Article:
Tuesday November 2, 2010 - 19:02:42 GMT
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I think by now there is no debate over whether the Fed sets sail on QE2. That decision was largely made in late August when the Chairman delivered his speech to the KC Fed Jackson Hole conference. And due to the Fedâ€™s rather arcane form of communicating to markets ahead of key policy changes we roughly know the Fed will announce a monthly purchase plan that approaches $100bln a month in government paper (2-yr to 10-yr). This is on top of the nearly $10bln a month the Fed is already buying in US Treasuries from proceeds from maturing MBS and UST holdings bought under the Fedâ€™s $1.7trln QE1 program (LSAP). While it is not the entirety of new US Treasury monthly supply, buying around $110bln a month in US gvt debt is a huge piece of the market. Moreover the drop in mortgage rates has prompted waves of refinancing which means prepayments are up on agency MBS the Fed bought in 2009 and could make for even more than $10bln a month from this channel in UST purchases.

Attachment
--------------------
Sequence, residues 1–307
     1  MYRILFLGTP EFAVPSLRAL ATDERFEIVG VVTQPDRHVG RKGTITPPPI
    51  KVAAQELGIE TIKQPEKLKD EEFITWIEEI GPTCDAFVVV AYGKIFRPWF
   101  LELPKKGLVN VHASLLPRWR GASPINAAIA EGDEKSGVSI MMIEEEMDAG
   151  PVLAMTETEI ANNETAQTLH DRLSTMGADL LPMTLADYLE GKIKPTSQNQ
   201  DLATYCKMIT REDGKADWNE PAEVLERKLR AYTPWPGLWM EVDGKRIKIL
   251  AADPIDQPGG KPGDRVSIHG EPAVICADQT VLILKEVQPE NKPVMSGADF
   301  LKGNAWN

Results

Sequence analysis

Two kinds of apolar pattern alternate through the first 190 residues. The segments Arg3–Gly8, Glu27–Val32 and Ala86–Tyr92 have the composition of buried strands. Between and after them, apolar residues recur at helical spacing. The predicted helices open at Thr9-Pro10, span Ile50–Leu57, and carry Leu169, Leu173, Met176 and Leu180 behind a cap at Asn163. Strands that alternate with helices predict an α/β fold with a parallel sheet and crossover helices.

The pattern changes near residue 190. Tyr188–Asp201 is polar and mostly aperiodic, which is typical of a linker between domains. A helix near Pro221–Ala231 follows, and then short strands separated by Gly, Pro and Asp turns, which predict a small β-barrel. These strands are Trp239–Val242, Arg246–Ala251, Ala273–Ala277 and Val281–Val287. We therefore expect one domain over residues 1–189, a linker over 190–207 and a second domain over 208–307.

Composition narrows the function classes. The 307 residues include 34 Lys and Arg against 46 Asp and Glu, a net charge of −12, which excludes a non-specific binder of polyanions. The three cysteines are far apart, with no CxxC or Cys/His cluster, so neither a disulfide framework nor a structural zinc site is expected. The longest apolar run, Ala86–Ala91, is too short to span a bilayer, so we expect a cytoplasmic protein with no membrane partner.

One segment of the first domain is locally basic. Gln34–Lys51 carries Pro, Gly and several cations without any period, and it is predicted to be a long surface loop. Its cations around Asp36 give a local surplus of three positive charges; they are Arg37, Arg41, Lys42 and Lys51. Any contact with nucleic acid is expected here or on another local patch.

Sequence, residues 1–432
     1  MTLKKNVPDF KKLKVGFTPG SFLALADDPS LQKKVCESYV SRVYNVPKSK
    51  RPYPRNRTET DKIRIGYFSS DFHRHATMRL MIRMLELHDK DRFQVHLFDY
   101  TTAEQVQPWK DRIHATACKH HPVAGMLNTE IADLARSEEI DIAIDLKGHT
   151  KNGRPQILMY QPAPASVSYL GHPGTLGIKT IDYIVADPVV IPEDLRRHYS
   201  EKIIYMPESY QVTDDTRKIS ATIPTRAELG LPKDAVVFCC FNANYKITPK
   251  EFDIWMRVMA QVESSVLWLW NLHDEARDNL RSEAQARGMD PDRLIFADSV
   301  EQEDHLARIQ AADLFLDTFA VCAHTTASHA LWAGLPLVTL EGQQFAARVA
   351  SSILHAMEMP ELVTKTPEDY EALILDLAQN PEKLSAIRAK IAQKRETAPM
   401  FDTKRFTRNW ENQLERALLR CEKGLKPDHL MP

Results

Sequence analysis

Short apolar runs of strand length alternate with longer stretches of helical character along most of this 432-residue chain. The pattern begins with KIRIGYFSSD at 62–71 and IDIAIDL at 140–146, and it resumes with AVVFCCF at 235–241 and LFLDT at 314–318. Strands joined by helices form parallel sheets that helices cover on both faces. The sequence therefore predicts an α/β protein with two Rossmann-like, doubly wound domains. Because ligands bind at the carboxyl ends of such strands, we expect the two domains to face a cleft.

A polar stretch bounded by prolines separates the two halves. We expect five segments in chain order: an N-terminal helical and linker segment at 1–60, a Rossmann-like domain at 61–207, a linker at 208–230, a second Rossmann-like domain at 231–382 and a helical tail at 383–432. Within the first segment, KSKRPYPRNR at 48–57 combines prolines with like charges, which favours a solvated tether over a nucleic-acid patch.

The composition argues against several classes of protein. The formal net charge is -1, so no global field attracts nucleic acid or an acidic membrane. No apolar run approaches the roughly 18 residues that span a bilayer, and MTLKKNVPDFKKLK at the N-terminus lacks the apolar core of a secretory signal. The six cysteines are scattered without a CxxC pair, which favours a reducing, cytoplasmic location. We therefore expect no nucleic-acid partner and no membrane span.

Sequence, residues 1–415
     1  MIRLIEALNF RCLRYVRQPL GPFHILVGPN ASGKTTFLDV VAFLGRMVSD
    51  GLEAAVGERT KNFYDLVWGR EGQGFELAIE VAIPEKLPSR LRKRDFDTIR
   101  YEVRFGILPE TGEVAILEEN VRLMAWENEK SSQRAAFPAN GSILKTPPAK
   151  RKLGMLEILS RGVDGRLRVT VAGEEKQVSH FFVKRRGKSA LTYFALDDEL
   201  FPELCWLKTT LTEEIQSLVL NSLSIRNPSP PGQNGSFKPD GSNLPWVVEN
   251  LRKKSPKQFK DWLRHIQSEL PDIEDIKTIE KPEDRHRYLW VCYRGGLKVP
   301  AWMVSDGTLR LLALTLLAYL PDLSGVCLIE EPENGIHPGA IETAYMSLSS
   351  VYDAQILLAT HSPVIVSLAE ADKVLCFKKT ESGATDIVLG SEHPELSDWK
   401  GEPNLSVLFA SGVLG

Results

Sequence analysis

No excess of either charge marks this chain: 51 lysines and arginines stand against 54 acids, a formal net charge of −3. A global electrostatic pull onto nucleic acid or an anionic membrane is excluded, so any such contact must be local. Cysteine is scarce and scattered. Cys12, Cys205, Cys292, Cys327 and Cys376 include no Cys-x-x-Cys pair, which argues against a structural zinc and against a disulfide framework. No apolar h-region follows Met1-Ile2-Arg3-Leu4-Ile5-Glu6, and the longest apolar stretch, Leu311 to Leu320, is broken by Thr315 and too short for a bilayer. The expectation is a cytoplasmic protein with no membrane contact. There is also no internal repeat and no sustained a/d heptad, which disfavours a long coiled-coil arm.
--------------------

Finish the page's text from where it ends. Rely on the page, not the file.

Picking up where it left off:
SOMA Security Limitation
As it is now, the Fed has a self-imposed limit on the percentage of any security (CUSIP) it purchasesâ€¦35%. QE2 is perhaps problematic if the SOMA (Fedâ€™s System Open Market Account) limits are a constraint on what the Fed buys, particularly if it focuses on the 2-yr to 10yr area of the curve. So more than a few Fed watchers expect the limit to be bumped up to 50% to give the Fed more degrees of freedom in buying assets. My guess is this change would come in a special announcement after the release of the FOMC statement (more a operational change as opposed to monetary policy change). This change makes some difference to bond traders who have a pretty good idea of the liquidity and supply in all the different issues and could make for some upside in 2-7-yr portion of curve if announced.